Ian will hit Florida as a powerful hurricane

Above: WESH 2 Meteorologist Eric Burris tracks Ian’s time in the extended forecast, as Tropical Depression Nine strengthened into Tropical Storm Ian Friday night. The system is expected to hit Florida as a Category 3 hurricane next week. Tropical Storm Ian is expected to intensify rapidly throughout the weekend as of 11 a.m. Saturday with maximum sustained winds of 45 mph, 270 miles south-southeast of Kingston, Jamaica and east-southeast of Grand Cayman 520 miles. The system is moving west at 15 miles per hour. Check out the latest maps, models and paths here “Rapid intensification is expected in some very warm waters Monday through Wednesday,” said WESH 2 meteorologist Tony Minorfi. “The GFS model continues to slow tonight, and west of the euro, there is a forecast cone between the two models. The intensity forecast remains very impressive in the category 2-4 range.” The NHC advised earlier on Monday at opening Hurricane conditions are possible in the Isles of Man. Heavy rain is expected to begin in the Florida Keys and South Florida as early as Monday. According to the NHC, this rain may cause some flash floods and urban flooding. “It is expected to turn northwest on Sunday, followed by a north-northwest turn on Monday, and a turn north on Tuesday. On the forecast track, the center expects the Ian to pass through the central Caribbean today, pass southwest Jamaica on Sunday, and pass by Sunday night and early Monday. Near or over the Cayman Islands. Then Ian will approach western Cuba late Monday and appear over the southeastern Gulf of Mexico Tuesday,” the National Hurricane Center said. WESH 2 Hurricane Survival Guide 2022 Survival Season: Everything You Need to Know About Florida Hurricane Season Effective Watches and Warnings Summary: Hurricane Watches Effective for…* Cayman Islands Tropical Storm Watches Effective…* Jamaica Hurricane Watch means hurricane conditions are possible within the observation area. Watches are typically issued 48 hours before the first expected tropical storm strong winds, a condition that can make external preparations difficult or dangerous. A tropical storm watch means tropical storm conditions are likely within the observed area, usually within 48 hours. The National Weather Service has urged Florida residents and visitors to gather supplies and continue to track forecasts. Preparing for the storm: RELATED: DeSantis declares state of emergency for dozens of Florida counties RELATED: Seminole County begins sandbag preparation ahead of tropical storm Know what to do Stay tuned for WESH 2 news when hurricane watch is released WESH.COM or NOAA Weather Radio for storm updates. Be prepared to bring in any lawn furniture, outdoor decorations or ornaments, trash cans, hanging plants, and any other items that may be blown up by the wind. Learn about hurricane forecast models and cones. Get ready to cover all the windows of your home. If shutters are not installed, use pre-cut plywood. Check batteries and stock up on canned food, first aid supplies, drinking water and medication. The WESH 2 First Warning Weather Team recommends that you have these items on hand before a storm hits. Bottled water: one gallon of water per person per day Canned foods and soups such as beans and chili can openers, cans without easy-open lids Assembled first aid kit Two weeks of prescription medications Baby/child needs such as formula and diapers Flashlights and batteries What to do when a battery-powered weather radio issues a hurricane warning Get advice from local officials. If you are advised to evacuate, please leave. Complete the preparation activities. If you are not advised to evacuate, stay indoors and away from windows. Watch out for tornadoes. Tornadoes can occur during and after a hurricane. Stay indoors, in the middle of your home, in a closet, or in a windowless bathroom. Smartphones help during hurricanes Smartphones can be a hurricane’s best friend—with the right website and app, you can turn it into a powerful tool for guiding you through the storm’s approach, arrival, and consequences. Download the WESH 2 News app for iOS | Android to enable emergency alerts – if you have an iPhone, select Settings, then go to Notifications. From there, look for government alerts and enable emergency alerts. If you have an Android phone, from the app’s home page, scroll right along the bottom and click Settings. On the Settings menu, click Severe Weather Alerts. Select from the menu Most Severe, Moderate Severe or All Alerts Pet and Animal Safety Your pet should be part of your family plan. If you must evacuate, the most important thing you can do is to protect your pets and evacuate them too. Leaving pets behind, even if you try to create a safe space for them, can result in injury or death. Contact hotels and motels outside your area to see if they are taking pets. Ask friends, relatives and others outside the affected area if they can shelter your animal.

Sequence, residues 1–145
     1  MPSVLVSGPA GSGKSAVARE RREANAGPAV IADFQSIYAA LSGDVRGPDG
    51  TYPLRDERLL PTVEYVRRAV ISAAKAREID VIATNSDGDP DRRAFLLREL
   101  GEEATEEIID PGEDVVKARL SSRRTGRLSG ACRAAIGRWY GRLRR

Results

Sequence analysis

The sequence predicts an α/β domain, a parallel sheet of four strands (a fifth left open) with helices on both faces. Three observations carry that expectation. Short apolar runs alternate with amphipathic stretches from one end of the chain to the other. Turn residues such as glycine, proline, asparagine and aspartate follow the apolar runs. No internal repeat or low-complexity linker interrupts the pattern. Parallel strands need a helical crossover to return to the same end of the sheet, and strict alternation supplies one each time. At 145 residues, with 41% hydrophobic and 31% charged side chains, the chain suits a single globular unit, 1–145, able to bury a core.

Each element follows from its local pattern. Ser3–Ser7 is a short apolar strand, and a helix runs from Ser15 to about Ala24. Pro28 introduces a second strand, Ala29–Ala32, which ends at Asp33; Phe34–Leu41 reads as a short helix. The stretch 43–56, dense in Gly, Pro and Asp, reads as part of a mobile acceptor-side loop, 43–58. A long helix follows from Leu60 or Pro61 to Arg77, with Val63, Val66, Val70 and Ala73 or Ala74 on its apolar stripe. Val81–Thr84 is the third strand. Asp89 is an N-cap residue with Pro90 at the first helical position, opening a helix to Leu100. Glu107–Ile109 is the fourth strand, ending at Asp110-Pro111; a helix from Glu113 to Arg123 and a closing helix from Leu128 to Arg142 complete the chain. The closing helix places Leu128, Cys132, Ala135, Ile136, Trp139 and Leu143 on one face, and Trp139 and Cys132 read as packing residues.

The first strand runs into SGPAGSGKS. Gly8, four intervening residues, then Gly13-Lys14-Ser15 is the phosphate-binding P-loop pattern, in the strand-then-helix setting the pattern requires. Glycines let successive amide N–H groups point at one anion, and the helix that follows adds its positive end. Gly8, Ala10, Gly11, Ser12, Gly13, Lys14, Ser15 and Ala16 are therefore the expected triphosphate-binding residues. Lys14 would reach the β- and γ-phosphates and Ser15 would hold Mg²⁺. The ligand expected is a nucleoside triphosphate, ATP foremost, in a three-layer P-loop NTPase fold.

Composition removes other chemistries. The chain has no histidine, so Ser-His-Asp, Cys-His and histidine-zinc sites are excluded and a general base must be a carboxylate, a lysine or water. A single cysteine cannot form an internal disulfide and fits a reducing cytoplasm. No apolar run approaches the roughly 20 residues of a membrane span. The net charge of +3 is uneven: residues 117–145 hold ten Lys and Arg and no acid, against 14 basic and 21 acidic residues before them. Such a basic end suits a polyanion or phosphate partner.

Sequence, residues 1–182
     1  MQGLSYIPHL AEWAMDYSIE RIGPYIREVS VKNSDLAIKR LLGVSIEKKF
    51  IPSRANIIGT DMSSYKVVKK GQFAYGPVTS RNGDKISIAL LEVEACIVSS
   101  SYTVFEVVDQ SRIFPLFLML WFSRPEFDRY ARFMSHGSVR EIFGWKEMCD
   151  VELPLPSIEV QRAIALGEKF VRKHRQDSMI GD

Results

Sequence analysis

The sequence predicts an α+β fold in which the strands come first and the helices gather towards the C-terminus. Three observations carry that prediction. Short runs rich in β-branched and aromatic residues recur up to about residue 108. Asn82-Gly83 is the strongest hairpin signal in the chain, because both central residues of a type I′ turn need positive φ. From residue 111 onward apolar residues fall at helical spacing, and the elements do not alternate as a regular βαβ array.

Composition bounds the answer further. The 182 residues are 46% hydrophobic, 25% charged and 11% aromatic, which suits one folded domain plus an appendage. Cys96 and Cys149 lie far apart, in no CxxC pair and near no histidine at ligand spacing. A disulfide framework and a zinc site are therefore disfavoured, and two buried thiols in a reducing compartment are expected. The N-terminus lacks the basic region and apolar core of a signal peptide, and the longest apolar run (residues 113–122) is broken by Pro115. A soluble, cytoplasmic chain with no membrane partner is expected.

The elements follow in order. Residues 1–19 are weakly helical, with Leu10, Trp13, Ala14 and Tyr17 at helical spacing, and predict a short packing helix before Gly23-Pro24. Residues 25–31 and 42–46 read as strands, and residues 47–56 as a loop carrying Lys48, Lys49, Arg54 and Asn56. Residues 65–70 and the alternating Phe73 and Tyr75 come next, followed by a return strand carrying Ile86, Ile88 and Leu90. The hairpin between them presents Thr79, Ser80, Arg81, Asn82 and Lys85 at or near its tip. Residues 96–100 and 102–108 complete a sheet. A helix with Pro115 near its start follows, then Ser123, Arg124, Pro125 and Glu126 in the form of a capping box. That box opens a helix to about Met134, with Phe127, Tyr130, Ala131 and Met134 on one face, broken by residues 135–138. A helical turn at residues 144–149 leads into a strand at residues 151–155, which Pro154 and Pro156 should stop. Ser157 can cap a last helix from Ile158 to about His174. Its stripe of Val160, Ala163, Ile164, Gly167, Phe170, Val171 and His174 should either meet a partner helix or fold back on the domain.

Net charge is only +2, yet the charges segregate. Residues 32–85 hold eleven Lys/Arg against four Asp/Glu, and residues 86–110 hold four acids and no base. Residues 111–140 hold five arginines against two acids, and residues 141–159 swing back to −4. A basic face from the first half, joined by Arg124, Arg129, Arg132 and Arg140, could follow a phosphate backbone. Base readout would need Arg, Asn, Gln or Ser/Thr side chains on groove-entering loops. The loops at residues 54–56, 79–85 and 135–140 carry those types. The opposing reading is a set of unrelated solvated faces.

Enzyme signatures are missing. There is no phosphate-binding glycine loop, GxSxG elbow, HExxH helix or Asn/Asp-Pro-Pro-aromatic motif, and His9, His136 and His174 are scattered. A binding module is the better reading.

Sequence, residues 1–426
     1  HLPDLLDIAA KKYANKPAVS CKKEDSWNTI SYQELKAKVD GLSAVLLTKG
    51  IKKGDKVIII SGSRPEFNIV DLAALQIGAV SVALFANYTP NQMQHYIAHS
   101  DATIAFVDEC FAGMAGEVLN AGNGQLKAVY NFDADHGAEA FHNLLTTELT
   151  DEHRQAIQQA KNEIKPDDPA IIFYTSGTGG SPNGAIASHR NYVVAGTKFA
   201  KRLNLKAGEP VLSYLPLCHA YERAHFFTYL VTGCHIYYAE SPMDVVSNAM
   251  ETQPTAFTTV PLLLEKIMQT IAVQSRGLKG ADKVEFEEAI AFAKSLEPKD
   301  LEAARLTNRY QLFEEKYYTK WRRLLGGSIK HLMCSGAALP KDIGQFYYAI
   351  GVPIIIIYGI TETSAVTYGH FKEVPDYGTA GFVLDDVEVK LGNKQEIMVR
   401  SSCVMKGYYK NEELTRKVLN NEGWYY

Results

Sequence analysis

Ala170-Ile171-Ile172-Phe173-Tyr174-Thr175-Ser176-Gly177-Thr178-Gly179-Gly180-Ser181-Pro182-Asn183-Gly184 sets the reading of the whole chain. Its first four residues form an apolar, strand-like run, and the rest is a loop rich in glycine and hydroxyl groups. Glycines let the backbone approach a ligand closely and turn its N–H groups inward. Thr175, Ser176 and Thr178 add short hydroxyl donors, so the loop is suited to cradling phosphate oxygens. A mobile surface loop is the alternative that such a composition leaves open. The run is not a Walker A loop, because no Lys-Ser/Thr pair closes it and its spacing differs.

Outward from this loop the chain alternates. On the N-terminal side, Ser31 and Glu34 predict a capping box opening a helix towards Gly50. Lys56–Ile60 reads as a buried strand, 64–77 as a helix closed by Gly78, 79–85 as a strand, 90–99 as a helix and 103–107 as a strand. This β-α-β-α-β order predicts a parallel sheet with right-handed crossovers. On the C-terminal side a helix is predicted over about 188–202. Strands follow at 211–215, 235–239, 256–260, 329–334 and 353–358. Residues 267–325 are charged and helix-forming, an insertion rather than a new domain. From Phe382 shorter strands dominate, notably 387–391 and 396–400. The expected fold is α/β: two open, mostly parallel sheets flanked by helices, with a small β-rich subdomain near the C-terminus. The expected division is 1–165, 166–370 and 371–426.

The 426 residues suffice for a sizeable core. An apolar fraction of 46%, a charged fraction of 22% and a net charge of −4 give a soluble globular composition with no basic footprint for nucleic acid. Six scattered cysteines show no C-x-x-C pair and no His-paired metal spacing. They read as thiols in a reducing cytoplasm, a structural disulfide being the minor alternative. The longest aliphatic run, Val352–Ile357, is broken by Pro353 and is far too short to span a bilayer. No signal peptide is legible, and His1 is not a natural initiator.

Above: WESH 2 meteorologist Eric Burris tracks Ian’s time in the extended forecast

Tropical Depression No. 9 strengthened into Tropical Storm Ian Friday night.

The system is expected to hit Florida as a Category 3 hurricane next week.

Tropical Storm Ian is expected to intensify rapidly throughout the weekend as of 11 a.m. Saturday